Jesus left the temple and went to the Mount of Olives, and there Peter, James, and John asked Him three questions: (1) When would the temple be destroyed? (2) What would be the sign of His coming? (3) What would be the sign of the end of the age?
The disciples thought that these three events would occur at the same time, but Jesus explained things differently. Actually, the temple would be destroyed first, and then there would be a long period of time before He would return and establish His kingdom on earth
Keep in mind that this was a message given to Jews by a Jew about the future of the Jewish nation. Though there are definite applications to God’s people today, the emphasis is on Jerusalem, the Jews, and the temple. Our Lord was not discussing His coming for the church, for that can occur at any time and no signs need precede it (1 Cor. 15:51–58; 1 Thess. 4:13–18).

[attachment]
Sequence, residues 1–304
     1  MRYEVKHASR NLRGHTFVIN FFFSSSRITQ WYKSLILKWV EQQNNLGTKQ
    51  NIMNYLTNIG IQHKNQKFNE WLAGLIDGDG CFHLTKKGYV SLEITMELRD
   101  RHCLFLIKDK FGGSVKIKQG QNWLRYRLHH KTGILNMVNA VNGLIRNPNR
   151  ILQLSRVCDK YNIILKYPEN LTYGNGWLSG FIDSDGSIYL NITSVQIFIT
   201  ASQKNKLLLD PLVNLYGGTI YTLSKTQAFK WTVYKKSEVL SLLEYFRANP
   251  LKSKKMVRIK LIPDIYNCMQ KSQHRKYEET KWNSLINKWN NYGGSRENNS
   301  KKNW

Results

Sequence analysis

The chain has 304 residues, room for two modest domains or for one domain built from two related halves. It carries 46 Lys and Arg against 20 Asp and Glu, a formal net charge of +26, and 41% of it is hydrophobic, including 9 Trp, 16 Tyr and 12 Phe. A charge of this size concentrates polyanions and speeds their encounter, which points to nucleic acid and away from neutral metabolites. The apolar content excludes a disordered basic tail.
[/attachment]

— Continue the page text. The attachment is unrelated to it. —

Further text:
Remember, the things Jesus described here are not signs of His soon return, because they have been going on for centuries. However, as the coming of the Lord draws near, these things will multiply and intensify. No matter what our views may be of the coming of the Lord, we all need to heed His three admonitions: “Don’t be deceived! Don’t be afraid! Don’t worry!”
If believers during that difficult age will be tempted to yield to the world and the flesh, Christians in this present age of comfort and affluence must face even greater dangers. We today do not know when our Lord will return, and it behooves us to be faithful and to be ready.
“I’m not looking for signs,” said the late Vance Havner; “I’m listening for a sound.” The sound of the trumpet! The shout of the archangel!
“Even so, come, Lord Jesus!” (Rev. 22:20).
I will ever love and trust Him
In His presence daily live
Worldly pleasures all forsaken
Take me Jesus take me now
All to Thee my blessed Savior
Make me Savior wholly Thine
Let me feel the Holy Spirit
Truly know that Thou art mine
All to Jesus I surrender…